Tuesday, August 19, 2008

Getting Noticed

If you are a fringe political movement or campaign, and when I say fringe I mean non-electoral, perhaps no more than a few people, the challenge is gaining any sort of coverage for the campaign. Basically apart from the few people within and around the members no-one knows who you are, what you are about, or that the campaign/movement exists. Well there seems one way that is frequently employed, use Twitter. The basic idea is simple, as anyone with a PC and Internet access can have a Twitter account then it offers a level playing field. You can then search within Twitter for those interested in, for example, politics/environmentalism, or at least you can find people posting on those issues. Once located you choose follow to as many people as you can, this can be done randomly but it is less scientific. Now, if you are the campaign you do not necessarily wish to hear from all of those people you are following, but the hope is that following is reciprocal. That when someone gets an email alert to say, for example, Prevent Nuclear War is now following you, you will go to your account, look at their profile and follow them in return. According to Twitterfacts, there are currently around 340,000 users and on average 2000 new accounts are created each day, Neville Hobson estimates there were 750,000 members in January 2008, Twitterfacts predicts a million in April 2008 possibly 2 million by the end of the year; whatever the reality that is quite a reach for a campaigner with a PC, compared to the days of street leafleting it is massive. Equally, as the graph just of Belgian Twitter users shows, it is about networking; so if you can get a follower within a network you may gain others as messages are forwarded and re-posted. Who knows if it leads to greater interest, support or sign-ups; no-one yet I imagine! But it is one further way that social media and the interconnectedness facilitated by Web 2.0 allows a more level political playing field and accelerates the pluralism of ideas and arguments, nice to finish on an idealistic note every now and again - go on shoot me down!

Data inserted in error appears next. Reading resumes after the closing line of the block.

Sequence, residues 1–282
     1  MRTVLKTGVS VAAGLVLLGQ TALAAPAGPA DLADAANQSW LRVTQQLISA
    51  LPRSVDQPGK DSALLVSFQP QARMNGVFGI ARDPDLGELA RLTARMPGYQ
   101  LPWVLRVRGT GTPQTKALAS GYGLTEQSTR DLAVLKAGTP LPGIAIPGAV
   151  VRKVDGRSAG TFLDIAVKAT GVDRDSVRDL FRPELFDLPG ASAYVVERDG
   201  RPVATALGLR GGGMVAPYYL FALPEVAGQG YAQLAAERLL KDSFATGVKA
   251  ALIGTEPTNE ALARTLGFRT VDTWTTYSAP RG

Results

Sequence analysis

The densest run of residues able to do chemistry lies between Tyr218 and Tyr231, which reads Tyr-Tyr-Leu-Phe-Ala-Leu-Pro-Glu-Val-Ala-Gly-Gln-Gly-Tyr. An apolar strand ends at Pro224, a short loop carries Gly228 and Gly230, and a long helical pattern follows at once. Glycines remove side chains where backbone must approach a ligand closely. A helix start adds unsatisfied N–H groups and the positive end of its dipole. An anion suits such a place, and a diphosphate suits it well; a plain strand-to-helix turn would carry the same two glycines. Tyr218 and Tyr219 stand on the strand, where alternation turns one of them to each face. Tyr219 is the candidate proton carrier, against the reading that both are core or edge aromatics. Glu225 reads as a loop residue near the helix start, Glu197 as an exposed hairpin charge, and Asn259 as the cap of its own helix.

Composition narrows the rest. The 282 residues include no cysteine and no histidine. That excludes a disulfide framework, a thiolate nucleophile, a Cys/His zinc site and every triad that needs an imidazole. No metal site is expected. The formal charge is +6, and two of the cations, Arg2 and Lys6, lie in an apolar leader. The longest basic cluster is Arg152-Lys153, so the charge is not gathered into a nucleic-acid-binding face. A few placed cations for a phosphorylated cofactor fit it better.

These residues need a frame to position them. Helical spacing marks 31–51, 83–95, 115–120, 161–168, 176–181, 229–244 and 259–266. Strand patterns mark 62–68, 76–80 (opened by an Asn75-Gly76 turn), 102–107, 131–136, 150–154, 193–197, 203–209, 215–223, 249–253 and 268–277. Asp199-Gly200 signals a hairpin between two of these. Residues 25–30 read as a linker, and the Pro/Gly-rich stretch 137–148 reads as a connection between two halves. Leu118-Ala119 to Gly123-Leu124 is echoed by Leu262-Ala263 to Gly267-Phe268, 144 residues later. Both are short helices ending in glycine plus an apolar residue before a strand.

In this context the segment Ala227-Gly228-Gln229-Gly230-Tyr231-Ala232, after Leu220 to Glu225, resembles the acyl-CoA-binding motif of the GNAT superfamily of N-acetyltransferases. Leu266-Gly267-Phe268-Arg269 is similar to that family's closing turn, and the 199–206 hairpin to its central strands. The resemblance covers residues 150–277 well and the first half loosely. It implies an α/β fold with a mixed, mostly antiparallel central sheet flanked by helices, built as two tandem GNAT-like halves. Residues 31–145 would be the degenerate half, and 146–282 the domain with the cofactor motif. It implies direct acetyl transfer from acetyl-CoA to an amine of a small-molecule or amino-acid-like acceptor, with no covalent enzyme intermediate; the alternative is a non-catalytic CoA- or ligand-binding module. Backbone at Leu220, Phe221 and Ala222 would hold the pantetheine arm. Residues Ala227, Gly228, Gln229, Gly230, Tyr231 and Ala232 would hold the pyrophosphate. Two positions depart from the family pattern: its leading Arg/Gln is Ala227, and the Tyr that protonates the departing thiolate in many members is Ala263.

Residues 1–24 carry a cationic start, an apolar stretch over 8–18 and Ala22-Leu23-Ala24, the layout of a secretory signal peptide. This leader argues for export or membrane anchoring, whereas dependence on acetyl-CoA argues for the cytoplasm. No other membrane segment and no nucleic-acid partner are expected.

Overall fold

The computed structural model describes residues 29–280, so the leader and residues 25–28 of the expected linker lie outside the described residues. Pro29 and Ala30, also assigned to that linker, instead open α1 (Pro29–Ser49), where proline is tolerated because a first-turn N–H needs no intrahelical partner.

Jake said...

I agree twitter has loads of potential, I have sold four Reading fest tickets, got 55 signatories to a petition and i havent tried yet, that was just lettign friends no and providing a url link. Cool stuff, who needs to search ebay when you bring the sale items to the buyer :-)

Alfredo Ascanio Guevara said...

Today I wrote a note in the newspaper of South Korea (OhmyNews) on the use of Twitter by politicians.

The link:

Thank you your blog is very interesting